Thanks JockOBadger and Savage Librarian for this additional information and commentary.

          I also believe that it is the avarice for power/money/sex that is the root cause. Politics be damned but politics are a good way to fleece the flocks.

      • viget says:


        Been going back through your posts on Guccifer 2.0 and the genesis of the investigation, and have been keenly interested in the status of the Philly FBI investigation into the skiddies’ server. Is that investigation closed now, or do you know? The alfa bank thing made me think of this.

  2. Report Counselor says:

    Is it possible that this “polling” data included Republican/Democrat voter roll information that could then be used to alter targeted voters info in swing state/counties?

    Since we know that the Russians had penetrated and were looking to penetrated additional voting systems it seems that this would be more valuable than aggregate polling/demographic information.

    Is it also possible that Trump was led to believe that the Russians were successful in changing voter roll information and believe that these “ineligible” voters were still allowed to vote. This would support his thought of widespread voter fraud and creating a commission to expose this even though the Russians weren’t successful (But Trump wouldn’t know this).

    • viget says:

      I still wonder if in MI, PA, WI that a small percentage of HRC votes weren’t flipped to 3rd party candidate votes. It would be nearly impossible to track and prove (no comparable historical data), and given the IRA effort to tighten the margins in certain precincts (and the unfortunate Comey announcement), the results were totally plausible (remember Nate Silver said Trump had about a 30% chance of winning).

      Also, it might not have been the Russians… there were other nation state actors that had a vested interest in Trump winning.

    • Savage Librarian says:

      Hello, Report Counselor. You say:
      “Is it possible that this “polling” data included Republican/Democrat voter roll information that could then be used to alter targeted voters info in swing state/counties?“

      I have been wondering this, too. And it links in my mind with a potential reason for having Susie Wiles at TT campaign headquarters. And for the business relationship between Lanny Wiles and Akhmetshin. Even more so now that Rubio admits to knowing that the FBI has more info on the hack attempt in some specific county in FL that has not yet been revealed.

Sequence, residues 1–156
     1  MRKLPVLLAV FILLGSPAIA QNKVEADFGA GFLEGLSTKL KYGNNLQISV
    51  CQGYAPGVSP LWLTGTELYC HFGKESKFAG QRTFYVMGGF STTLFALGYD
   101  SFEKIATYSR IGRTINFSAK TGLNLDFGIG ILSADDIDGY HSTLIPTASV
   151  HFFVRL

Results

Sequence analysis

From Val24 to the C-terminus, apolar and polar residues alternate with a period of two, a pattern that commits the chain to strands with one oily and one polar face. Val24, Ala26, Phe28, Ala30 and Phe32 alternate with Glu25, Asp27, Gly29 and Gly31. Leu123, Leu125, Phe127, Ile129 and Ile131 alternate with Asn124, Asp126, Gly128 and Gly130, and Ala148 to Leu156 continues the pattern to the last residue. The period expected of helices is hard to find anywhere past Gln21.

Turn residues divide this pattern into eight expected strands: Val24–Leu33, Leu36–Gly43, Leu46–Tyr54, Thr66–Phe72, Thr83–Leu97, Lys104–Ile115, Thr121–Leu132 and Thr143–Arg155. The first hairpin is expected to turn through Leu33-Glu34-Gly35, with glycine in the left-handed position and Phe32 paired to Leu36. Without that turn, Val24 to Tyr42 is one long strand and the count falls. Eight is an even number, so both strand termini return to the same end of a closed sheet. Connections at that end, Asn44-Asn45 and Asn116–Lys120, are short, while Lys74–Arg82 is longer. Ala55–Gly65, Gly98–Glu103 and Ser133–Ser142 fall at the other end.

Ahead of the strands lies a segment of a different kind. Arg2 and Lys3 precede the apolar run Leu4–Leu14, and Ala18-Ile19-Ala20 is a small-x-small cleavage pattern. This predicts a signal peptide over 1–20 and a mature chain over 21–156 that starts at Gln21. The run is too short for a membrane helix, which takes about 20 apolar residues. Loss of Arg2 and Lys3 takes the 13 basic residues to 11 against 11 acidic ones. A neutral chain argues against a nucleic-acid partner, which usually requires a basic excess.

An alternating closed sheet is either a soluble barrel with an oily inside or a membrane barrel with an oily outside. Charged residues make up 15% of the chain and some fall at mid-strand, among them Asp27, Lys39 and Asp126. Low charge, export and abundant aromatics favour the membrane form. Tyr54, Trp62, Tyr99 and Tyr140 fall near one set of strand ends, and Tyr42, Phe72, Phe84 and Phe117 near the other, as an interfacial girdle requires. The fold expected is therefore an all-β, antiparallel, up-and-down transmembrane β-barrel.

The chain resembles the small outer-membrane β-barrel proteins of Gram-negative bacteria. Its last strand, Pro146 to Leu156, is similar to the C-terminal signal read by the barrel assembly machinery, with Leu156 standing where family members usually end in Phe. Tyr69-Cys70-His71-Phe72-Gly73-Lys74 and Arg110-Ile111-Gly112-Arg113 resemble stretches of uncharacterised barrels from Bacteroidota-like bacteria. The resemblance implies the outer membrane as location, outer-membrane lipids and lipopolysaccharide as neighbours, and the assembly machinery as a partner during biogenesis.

• Peacerme says:

        It seems a coincidence too far for me to buy:


        In each of these countries there is a big split. Splitting is the work of personality disorder or authoritarians. A conflict wreaking havoc and festering unrest. The old divide and conquer. Yes, a move from KGB but also the move of an alcoholic authoritarian in a family. It’s a fairly universal human power move. In some cases, of the countries listed above, how many have experienced shockingly close elections or election results that were surprising or unexpected? How many times has it caused a surprising shift in perspective. It seems like it’s happening all of the world to well established social democracies. Ukraine (not an example of strong or stable) electing a comedian is not that different from USA electing trump. I don’t buy it. I don’t know why but it seems like this is happening globally. It seems more likely that these splits are being exploited and grown through social media every where. Social media is a perfect weapon to use to divide and conquer. Add election data hacking, the manipulation of a few variables that no one would notice and voila!!! A perfect machine to take over the world.

        But we need to do something now.

      • Taxidermist says:

        ABC producer Chris Vlasto called Corey Lewandowski & David Bossie at 5:01PM on election day while polls were still open and passed the Trump campaign confidential exit poll data (gathered from ABC, AP, CBS, CNN, NBC & Fox ) for 11 battleground states including Ohio, Florida & Pennsylvania. Bossie passed it to Kushner, Bannon & Priebus.
        Trump was losing by 5-8 points in eight of the eleven states at 5:01PM.

      • Taxidermist says:

        Some interesting 2016 Florida voting data (note it is not httpS and I don’t really know what that means, so hopefully it isn’t danger)
        Here is one County:
        LAFAYETTE Cnty Florida

        Registered voters:
        Republican 1,478
        Democrat 2,649
        Independent 243

        Election Results:
        TRUMP 2,795
        CLINTON 515
        JOHNSON 47
        STEIN 10

        Reason for suspected result tampering/hacking:

        *More votes for Trump than all registered republicans & independents combined.

        *Extremely low turn out of democratic vote while all other larger florida counties, not showing discrepancies, show dems largely voted democratic, republicans voted republican and only a minor ( not major) percentage of independents voted for Trump.

        The list goes on for other counties with impossible Republican turnout, and differentiates them from counties with no discrepancies.

        • RWood says:

          Some of that can be credited to the snowbird vote.

          Florida gets a concentration of 65 and older lilly-white republicans every fall from the northern states. I liken it to an invasion of locusts.

          Unfortunately election day is in November.

    • Tech Support says:

      It seems like EW always swallows my wallposts, never to be seen again. So here’s the short version: